Archive for Movies

Star-studded Valentine’s Day!

Posted in Movies with tags on September 21, 2009 by funofmovie

Valentine’s Day, directed by Pretty Woman helmer Garry Marshall, is a real star-studded premiere. From to , from Twilight hottie to and (reportedly) Joe Jonas from , this is gonna be a hot February 12 premiere, guys!


Valentine’s Day is a compilation of 10 slightly interconnected stories of make-up and break-up on Valentine’ s Day and how people handle the burden and pressure the holiday brings along.

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Mamma Mia! Breaks Titanic Record

Posted in Movies with tags , , on December 18, 2008 by funofmovie

Move over Titanic, the dancing queens from Mamma Mia! are taking over. Mamma Mia! has officially become the biggest box office hit in the UK, heating out Leo and Kate’s hit movie ‘Titanic’.

mamma mia
The movie, starring Meryl Streep and Amanda Seyfried, has taken in 69.05 million pounds ($106.75 million) since its premiere on July 18. Titanic previously held the record with 69.03 million pounds, or $106.66 million.

Universal Pictures International president David Kosse explains to the Telegraph why the musical was such a success,

“‘Mamma Mia!’ is pure escapism, proving a fun and inexpensive way to forget about the state of the economy for a couple of hours.”

For Mamma Mia! to make history in this way and beat Titanic, which has held the record in the U.K. since 1998, is truly phenomenal. This film has exceeded our expectations and delighted audiences around the world since it opened in July.”

Trailer for ‘Monsters vs. Aliens’ Released

Posted in Cartoon news, Movies with tags , on November 5, 2008 by funofmovie

Reese Witherspoon, Seth Rogen, Kiefer Sutherland and Stephen Colbert all provided their voices to DreamWorks Animation’s new 3D flick, Monsters vs. Aliens, and now the trailer is available online.

monstersvsaliensMonsters vs. Aliens hits theatres on March 27, 2009.

DreamWorks Animation hit gold this past summer with Kung Fu Panda, which grossed a staggering $633 million worldwide.

Balast movie by Lance Hammer

Posted in Movies with tags , on October 1, 2008 by funofmovie

Indie film’s ultra-realist overdose

Director: Lance Hammer
Writer: Lance Hammer
Genre: Drama

Starring:      Johnny McPhail

Running Time:     1 hr. 36 min.
Release Date:     October 1st, 2008 (limited)
Distributors:     Alluvial Film Company
Lance Hammer’s film “Ballast,” a critical favorite earlier this year at Sundance, begins with a remarkable shot, one of those shots that stick with you long after the rest of the movie has become a jumbled memory. A boy or young man in a down coat, seen from the rear, walks through the weeds into a flat, horizontal field, probably one where corn or cotton or soybeans are grown. From the coat and the light and the empty field, it appears to be winter, although part of the seductive power of “Ballast” is that elemental questions like where and when go unanswered. As the boy advances, a flock of scavenging birds — likely a murder of crows — explodes out of the field, and this almost painterly composition abruptly becomes a chaotic whirlwind.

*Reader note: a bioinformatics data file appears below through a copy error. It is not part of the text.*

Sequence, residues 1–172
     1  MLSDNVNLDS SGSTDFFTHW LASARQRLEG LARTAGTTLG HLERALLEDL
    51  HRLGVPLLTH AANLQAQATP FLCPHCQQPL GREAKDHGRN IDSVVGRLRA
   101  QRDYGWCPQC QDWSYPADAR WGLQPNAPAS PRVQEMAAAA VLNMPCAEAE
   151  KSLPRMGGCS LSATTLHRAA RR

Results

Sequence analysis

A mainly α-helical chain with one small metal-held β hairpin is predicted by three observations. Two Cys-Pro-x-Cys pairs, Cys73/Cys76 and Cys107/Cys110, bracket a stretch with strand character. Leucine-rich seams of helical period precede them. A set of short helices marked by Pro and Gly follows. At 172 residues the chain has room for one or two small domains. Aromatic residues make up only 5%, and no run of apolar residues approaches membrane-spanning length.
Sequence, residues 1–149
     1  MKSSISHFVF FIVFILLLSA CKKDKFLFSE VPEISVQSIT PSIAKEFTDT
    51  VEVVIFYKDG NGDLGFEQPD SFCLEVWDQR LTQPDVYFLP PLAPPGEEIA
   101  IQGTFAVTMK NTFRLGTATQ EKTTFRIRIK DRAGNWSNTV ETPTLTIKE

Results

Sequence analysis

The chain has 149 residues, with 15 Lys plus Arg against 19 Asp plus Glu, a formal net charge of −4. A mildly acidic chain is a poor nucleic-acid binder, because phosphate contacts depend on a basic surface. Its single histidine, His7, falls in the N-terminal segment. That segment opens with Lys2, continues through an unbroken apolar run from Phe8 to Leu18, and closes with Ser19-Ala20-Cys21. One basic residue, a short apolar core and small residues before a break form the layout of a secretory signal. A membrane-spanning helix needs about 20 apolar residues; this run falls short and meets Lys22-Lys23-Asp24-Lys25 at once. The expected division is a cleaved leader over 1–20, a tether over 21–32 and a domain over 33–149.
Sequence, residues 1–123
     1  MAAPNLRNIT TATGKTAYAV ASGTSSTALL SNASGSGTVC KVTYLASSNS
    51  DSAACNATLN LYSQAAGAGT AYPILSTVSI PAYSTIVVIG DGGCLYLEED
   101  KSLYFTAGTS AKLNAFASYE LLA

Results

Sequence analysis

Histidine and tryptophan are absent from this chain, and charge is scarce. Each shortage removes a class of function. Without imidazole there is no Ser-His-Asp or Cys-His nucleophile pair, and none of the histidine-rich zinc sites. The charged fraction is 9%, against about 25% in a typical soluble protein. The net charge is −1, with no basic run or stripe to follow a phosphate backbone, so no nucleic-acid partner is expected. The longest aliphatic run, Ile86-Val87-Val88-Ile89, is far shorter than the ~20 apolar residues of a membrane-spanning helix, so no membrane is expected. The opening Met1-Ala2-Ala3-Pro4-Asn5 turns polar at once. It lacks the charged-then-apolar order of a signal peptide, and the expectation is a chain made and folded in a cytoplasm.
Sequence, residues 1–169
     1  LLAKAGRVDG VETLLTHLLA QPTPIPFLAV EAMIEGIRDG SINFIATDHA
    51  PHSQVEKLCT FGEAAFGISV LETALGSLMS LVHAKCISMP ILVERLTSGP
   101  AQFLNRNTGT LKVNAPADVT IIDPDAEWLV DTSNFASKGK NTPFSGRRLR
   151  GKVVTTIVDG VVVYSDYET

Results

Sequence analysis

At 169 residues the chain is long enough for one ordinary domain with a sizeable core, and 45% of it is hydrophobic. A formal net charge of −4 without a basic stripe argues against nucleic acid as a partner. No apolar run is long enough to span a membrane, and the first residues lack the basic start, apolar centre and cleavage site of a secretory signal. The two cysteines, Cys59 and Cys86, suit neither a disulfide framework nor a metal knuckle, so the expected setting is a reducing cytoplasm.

It’s a heavily symbolic, “auteurist” image, one that seeks to present the film’s story in a single allegorical vision and also to suggest that the film’s characters have a close relationship to the natural landscape. (Closer, that is, than you and I.) “Ballast” was shot on 35 mm film using only natural light, specifically the winter light of the rural American South, a courageous and unlikely thing for a low-budget debut director to do in the age of hand-held video. Hammer and cinematographer Lol Crawley get breathtaking wide-screen results, in this opening scene and many others. But when I say that I’m never sure what “Ballast” is about, from beginning to end, I mean that I suspect that the film’s ambitious form and style are its true subject, and that its poor, African-American characters are themselves elements of that form, or colorful accessories to it.

Let’s back up for a second here, before I get involved in issuing some complicated indictment I may regret. My job in this column (as I see it) is to call attention to movies you might otherwise miss, worthwhile and provocative works likely to get minimal publicity and minimal distribution. “Ballast” is clearly one of the signal accomplishments of American independent film in 2008, and Hammer (previously a visual-effects designer on Hollywood films, including, amazingly enough, the execrable “Batman & Robin”) has embarked on a noble if quixotic mission to self-distribute it after retrieving the rights from IFC. As he correctly observed, his peculiar little film was likely to get lost amid that company’s crowded roster of Amerindies and imports. So now he’s trying to persuade strangers to see an unsummarizable, slow-moving picture about poor black people in the middle of the worst recession anyone can remember. It’s a haunting and beautiful experience and if you get the chance you shouldn’t miss it; whether you like “Ballast” or not, it’ll make an impression on you. Have we cleared that up?

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Finally, some good movies!